A captivating subject matter for discussion; the nature of thought. To grasp the meaning of thought, one necessitates to cognize the human thought progression, the uniqueness to thinking, and why people express their contemplations. Memory, a module of thinking, aid the brain to delineate previously stockpiled material during thinking. Even the most seasoned thinkers have perceptual blocks and personal barriers that influence their views and opinions (Kirby & Goodpaster, 2007). The purpose of this paper is to define thinking, identify a personal false perception event, and define perceptual blocks and personal barriers that impact personal opinions and views.
What is thinking?
In the simplest definition, thinking denotes the entirety of what is on one’s mind or going through one’s mind. An idle thought, insignificant memory, or fluttering imprint is thinking. Fantasizing, building sand castles in the clouds, the moveable fluidity of chance and detached information floating through one’s concentrations at all times, is thinking. Humans spend a greater amount of time thinking than they may ever be cognizant of. Humanoid thoughts are unique because humans are the sole living beings, capable of putting point of views into achievement or action. Humans give judgments because they are unique and endeavor to discover, absorb, and because it is of one’s natural reaction (Golumbia, 2003).
Memory is extremely vital to thinking. Without memory, our brains could not progress diverse circumstances, comprehend past experiences, and assist to formulate one’s imminent future. We are all forgetful at one time or another. Forgetting is a part of being human. Fortunately, there are four specific tasks that will sharpen one’s memory. Law of association, people absorb by association and remember by association. Individual’s recollect events and things that are simple to recall. Law of succession, when one regularly experiences two things in instant succession, the existence of the first, has a tendency to generate recall of the second. Law of similarity, when two similar things provoke recall, the thought of one catapult the recollection of the other. Law of contrast, extremes or contraries aid as cues of each other. When one thinks about the heaviest person they have ever seen, they may also think about the thinnest person they have seen (Pollock, 2000).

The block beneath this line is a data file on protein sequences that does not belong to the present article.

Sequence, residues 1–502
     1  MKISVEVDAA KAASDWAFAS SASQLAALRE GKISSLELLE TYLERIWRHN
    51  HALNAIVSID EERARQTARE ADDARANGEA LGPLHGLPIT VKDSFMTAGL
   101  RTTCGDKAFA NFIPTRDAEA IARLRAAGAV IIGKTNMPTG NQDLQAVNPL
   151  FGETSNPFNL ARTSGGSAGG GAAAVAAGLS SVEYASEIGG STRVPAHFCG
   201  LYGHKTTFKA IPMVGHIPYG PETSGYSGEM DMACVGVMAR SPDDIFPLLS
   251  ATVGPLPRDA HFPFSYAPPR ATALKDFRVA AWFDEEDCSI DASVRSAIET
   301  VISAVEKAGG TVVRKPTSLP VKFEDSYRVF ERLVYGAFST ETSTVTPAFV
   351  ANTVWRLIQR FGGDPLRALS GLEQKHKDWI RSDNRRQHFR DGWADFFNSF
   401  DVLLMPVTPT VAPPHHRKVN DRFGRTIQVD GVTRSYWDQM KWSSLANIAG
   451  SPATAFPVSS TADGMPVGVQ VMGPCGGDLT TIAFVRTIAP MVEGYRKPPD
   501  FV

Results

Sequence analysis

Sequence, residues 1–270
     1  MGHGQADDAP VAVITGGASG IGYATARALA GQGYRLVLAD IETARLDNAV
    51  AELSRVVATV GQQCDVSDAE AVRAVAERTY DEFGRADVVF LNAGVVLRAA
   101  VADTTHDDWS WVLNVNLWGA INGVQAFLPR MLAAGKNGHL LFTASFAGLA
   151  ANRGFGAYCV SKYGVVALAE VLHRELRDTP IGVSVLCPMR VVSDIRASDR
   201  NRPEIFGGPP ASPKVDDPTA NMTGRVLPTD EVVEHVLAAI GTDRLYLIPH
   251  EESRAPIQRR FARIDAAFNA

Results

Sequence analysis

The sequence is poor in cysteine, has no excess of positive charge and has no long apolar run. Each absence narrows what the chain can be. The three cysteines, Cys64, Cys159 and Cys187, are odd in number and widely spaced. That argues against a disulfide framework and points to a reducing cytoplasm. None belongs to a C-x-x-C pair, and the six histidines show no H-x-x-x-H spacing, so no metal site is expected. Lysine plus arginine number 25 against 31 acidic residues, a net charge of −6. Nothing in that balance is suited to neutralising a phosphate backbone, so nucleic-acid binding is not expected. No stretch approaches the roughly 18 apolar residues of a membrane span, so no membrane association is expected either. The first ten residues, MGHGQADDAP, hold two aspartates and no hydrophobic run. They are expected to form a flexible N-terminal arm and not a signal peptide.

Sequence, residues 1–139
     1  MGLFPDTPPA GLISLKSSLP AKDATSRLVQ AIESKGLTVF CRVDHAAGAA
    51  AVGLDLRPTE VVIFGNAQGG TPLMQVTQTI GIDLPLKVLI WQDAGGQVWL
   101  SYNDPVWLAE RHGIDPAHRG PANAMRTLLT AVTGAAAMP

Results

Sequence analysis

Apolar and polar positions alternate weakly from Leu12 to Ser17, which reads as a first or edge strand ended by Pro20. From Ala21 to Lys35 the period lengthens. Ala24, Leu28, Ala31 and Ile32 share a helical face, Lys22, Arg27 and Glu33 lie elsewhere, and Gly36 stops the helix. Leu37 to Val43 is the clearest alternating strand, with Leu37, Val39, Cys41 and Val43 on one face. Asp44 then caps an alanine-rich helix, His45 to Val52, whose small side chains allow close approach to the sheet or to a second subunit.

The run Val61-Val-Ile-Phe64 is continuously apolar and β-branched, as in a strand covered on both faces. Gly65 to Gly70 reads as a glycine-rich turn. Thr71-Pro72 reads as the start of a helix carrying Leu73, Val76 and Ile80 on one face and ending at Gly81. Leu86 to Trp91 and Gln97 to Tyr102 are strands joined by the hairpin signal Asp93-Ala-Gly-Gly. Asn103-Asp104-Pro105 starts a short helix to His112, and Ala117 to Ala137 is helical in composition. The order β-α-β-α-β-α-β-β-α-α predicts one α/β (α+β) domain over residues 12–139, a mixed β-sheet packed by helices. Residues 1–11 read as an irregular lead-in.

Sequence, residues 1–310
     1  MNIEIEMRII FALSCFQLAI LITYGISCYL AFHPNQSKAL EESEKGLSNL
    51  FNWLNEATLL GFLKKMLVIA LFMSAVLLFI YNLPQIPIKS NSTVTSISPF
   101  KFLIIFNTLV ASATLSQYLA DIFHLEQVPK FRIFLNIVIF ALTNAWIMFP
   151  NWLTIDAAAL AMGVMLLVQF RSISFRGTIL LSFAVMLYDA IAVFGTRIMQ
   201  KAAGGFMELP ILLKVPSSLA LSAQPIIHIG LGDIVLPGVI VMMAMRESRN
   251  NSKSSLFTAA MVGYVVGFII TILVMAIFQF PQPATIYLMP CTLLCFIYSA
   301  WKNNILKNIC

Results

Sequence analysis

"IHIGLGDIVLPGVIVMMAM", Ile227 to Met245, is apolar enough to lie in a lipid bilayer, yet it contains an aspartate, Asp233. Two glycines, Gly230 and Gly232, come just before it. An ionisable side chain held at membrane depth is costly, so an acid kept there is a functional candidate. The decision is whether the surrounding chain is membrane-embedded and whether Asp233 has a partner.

Personal Experience of Misguided Perception
Recently, a friend came over to my house to plan a vacation and drop off paperwork. When she arrived, she recognized she left the documents at her house. I said, "That is okay, you can bring them tomorrow." She then responded, "We can do the trip today." I thought to myself, I did not want to go with her on a trip back home to get the paperwork, then come back to my house. Next, I said, "It is okay, we can do it tomorrow." Then, she got this confusing look on her face and said, “We can do the trip today.” I then replied, “That is okay, we can do it tomorrow."